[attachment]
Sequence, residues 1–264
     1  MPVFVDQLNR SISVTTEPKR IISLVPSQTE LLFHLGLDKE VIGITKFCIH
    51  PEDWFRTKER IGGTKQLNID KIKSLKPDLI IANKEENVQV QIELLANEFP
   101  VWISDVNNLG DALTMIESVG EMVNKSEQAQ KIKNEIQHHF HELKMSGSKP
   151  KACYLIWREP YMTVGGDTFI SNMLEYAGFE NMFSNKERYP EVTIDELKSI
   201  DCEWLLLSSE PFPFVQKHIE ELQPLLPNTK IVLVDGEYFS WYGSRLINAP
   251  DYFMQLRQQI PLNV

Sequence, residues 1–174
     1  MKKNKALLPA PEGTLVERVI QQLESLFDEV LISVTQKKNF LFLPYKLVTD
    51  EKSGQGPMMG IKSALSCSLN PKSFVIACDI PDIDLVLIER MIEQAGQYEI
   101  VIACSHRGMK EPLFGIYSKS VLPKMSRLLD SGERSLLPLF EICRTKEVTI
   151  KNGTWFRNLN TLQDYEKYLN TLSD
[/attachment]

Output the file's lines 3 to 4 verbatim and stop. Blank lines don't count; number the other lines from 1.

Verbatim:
    51  PEDWFRTKER IGGTKQLNID KIKSLKPDLI IANKEENVQV QIELLANEFP
   101  VWISDVNNLG DALTMIESVG EMVNKSEQAQ KIKNEIQHHF HELKMSGSKP